In Figure 6, three different network slices are shown meeting services with different bandwidth and latency needs. The service chain includes User Plane Functions (UPF), which are responsible for tasks such as packet routing and forwarding, policy enforcement and data buffering. In some instances, the UPF provides access to Multi-Access Edge Computing (MEC) resources, which are virtual compute and storage resources that can be located where required.
Figure 6: CU/DU functions can be deployed at different locations to meet specific service needs
Enabling 5G open interfaces
While the CU/DU split adds a lot of extra flexibility in how services are deployed, there is still an area of cost that needs to be optimized, namely the RU. Today, the interface between the BBU and RU in 4G LTE is proprietary to mobile equipment vendors. It is based on the Common Public Radio Interface (CPRI2) interface, but this is not an open interface today as there are dependencies in the implementation of BBUs and RRHs that require both to be sourced from the same vendor. In addition, it is a costly bottleneck as it is based on transport of digital radio signals directly over a point-to-point optical fiber.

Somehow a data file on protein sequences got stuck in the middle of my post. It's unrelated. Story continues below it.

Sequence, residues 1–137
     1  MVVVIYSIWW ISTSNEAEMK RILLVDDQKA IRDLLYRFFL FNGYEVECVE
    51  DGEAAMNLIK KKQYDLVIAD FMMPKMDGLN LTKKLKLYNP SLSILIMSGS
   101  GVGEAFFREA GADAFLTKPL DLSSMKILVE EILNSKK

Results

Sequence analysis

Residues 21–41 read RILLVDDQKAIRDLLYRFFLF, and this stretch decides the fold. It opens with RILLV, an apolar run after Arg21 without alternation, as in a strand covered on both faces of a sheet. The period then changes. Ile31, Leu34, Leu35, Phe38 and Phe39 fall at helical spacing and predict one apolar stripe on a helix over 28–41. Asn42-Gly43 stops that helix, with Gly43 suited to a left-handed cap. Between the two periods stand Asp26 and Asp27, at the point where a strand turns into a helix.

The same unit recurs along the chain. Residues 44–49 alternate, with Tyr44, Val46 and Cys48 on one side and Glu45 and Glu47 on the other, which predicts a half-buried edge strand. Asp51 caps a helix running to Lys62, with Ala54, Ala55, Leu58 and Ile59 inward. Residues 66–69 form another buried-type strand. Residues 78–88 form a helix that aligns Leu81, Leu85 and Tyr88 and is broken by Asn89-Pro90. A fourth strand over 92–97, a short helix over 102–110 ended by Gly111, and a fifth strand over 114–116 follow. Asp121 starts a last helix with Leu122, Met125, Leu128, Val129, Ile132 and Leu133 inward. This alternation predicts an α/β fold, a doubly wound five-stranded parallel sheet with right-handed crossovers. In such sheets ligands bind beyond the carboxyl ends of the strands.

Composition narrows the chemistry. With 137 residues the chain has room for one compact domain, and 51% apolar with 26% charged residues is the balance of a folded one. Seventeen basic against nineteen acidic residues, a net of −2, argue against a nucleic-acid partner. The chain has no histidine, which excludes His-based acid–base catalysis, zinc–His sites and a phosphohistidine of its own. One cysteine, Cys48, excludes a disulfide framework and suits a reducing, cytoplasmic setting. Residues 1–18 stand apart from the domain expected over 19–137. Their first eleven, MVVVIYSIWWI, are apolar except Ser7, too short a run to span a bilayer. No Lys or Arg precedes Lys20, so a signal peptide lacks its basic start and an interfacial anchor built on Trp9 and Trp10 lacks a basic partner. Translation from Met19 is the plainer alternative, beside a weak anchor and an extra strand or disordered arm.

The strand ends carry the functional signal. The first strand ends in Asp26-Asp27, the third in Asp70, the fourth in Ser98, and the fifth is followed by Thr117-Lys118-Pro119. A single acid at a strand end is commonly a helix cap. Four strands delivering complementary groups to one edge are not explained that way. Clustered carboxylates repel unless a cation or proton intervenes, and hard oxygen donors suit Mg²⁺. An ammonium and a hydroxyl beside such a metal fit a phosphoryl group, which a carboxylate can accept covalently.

CPRI is adequate when RAN architectures are based on macro-cells alone, but becomes a major cost when a point-to-point fiber connection needs to be made between multiple micro-cell RUs to BBUs installed 20 km away. As the amount of data to be transmitted increases, the cost of the interface also increases. This is because the CPRI interface requires a constant bit rate no matter the load and there is therefore no possibility for statistical multiplexing.